Beginning on July 19, Uruguay’s citizens will be able to legally purchase marijuana from pharmacies, a milestone in the process of establishing a legal market for the drug and a valuable experiment for the region, despite setbacks and potential shortcomings.
The start date for legal marijuana sales was announced last week by the government agency responsible for coordinating the process, the Cannabis Regulation and Control Institute (Instituto de Regulación y Control del Cannabis). Sales will be conducted under government supervision in 16 pharmacies that have already joined the ongoing registration process.
Sales are prohibited for non-citizens. But nearly 5,000 Uruguayans have registered to be able to buy the drug at a state-regulated price of about 37 Uruguayan pesos (approximately $1.30) per gram. The United Nations Office on Drugs and Crime (UNODC) estimated in 2015 that the average price of black market marijuana in Uruguay was about $1.7 dollars per gram.
The product can be purchased in packets of 5 grams each. Individuals are limited to purchasing no more than 40 grams per month.
The government has authorized private companies to grow two varities of the plant for sale in the pharmacies. The first variety, dubbed ALFA I, contains a concentration of around 2 percent of Tetrahydrocannabinol (THC) and 7 percent of Cannabidiol (CBD), two of cannabis’ main psychoactive chemicals. The second variety, BETA I, contains a concentration of 2 percent of THC and 6 percent of CBD.
Although pharmacy sales had been delayed, the government had previously legalized the regulated cultivation of cannabis by individuals as well as private clubs from which members can buy limited amounts of the drug.
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Uruguay’s implementation of a legal, regulated marijuana market has been criticized on various grounds, including whether or not it will be able to undercut the criminal marijuana trade. This is one of the main state-declared goals of the policy, along with attempting to limit damages to consumers’ health.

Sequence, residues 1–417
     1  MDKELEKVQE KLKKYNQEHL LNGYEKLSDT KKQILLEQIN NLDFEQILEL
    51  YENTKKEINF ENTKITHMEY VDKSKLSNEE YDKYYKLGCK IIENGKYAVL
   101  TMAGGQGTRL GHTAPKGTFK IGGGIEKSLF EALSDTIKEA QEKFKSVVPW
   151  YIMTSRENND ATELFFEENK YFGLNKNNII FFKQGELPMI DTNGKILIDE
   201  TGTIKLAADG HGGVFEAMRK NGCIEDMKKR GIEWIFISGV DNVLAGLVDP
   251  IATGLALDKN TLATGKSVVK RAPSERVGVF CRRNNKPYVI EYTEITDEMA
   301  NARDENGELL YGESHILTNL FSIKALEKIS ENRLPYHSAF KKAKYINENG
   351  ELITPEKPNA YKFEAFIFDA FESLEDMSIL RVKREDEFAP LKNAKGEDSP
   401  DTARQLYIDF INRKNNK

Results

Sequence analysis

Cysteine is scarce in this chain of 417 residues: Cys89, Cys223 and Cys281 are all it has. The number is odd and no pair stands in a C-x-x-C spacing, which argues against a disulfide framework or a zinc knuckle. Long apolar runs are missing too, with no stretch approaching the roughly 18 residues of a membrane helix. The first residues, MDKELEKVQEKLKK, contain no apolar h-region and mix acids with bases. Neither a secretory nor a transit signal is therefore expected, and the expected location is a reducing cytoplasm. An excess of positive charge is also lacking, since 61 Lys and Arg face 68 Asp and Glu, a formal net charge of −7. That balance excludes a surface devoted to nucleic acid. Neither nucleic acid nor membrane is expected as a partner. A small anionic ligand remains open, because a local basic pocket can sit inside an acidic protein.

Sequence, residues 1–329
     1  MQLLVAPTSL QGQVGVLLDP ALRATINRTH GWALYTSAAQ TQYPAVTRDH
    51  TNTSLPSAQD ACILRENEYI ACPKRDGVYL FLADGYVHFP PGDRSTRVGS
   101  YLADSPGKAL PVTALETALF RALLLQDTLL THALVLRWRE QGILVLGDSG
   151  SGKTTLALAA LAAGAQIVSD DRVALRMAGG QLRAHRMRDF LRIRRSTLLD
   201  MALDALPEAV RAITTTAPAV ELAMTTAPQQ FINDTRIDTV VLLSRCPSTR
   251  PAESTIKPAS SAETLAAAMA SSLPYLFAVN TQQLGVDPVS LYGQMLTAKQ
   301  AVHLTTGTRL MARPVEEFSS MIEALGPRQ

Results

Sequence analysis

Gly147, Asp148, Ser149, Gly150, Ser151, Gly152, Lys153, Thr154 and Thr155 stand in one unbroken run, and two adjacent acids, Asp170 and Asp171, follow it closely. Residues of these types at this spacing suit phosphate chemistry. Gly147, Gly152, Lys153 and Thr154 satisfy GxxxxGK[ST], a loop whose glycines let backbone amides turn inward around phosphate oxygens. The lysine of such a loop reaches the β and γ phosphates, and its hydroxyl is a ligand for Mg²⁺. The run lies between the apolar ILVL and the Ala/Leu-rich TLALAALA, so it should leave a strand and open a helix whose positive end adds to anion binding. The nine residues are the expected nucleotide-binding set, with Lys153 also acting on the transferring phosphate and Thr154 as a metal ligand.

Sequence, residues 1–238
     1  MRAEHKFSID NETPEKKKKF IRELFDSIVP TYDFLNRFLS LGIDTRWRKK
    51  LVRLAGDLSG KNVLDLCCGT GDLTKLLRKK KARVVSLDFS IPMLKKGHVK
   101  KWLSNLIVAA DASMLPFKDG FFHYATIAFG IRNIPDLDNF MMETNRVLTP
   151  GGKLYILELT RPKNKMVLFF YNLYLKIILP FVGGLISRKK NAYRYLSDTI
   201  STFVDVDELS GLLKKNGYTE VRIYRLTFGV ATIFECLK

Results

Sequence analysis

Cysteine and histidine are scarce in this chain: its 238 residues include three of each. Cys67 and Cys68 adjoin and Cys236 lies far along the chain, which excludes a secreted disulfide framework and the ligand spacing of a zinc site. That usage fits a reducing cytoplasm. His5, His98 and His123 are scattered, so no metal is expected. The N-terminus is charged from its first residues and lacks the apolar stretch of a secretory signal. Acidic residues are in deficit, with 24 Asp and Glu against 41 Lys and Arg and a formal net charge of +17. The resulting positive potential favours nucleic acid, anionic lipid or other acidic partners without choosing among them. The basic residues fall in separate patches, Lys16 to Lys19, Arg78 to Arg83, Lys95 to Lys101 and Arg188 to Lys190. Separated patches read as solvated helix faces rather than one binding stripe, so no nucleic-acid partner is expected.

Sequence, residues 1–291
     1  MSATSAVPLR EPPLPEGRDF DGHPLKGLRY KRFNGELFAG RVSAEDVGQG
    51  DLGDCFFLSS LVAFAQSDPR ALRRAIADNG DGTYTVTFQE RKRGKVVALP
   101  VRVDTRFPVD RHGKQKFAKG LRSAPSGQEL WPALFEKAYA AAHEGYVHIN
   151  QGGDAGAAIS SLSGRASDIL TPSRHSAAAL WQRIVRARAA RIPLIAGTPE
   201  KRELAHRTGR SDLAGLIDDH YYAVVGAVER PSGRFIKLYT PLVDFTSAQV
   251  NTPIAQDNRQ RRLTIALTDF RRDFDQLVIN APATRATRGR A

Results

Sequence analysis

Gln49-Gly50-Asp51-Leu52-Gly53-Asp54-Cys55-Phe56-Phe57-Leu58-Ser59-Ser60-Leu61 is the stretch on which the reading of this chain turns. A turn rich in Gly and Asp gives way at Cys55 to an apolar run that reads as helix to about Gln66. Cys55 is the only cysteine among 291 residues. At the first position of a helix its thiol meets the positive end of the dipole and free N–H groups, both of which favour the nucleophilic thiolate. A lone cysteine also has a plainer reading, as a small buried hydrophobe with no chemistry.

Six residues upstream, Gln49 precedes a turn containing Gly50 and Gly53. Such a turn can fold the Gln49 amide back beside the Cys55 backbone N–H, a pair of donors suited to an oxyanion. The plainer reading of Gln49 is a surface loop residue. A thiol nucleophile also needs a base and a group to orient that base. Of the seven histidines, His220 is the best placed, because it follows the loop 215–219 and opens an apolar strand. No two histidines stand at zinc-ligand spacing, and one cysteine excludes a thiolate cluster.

Some critics have argued that the state-set price of the legal marijuana is not low enough to undercut the black market, where cheaper product can be found. Others have pointed to the very low concentration of THC in the legal drug as another reason why some users may turn to the black market. Though the price may be higher — a gram of high-potency illegal marijuana can cost as much as $20 — some users may be willing to pay this premium in exchange for access to a more powerful drug.
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Still, whether or not these objectives are achieved, the process remains a valuable experiment in an alternative approach to controlling the the most consumed illicit drug in Latin America and in the world. The process has already taken over three years of debate, study and refining, and the lessons it has yielded will certainly help inform future conversations about marijuana legalization in countries as Paraguay and Colombia, the region’s main marijuana growers, or Argentina and Brazil, which host substantial marijuana consumption markets and at times suffer from related violence.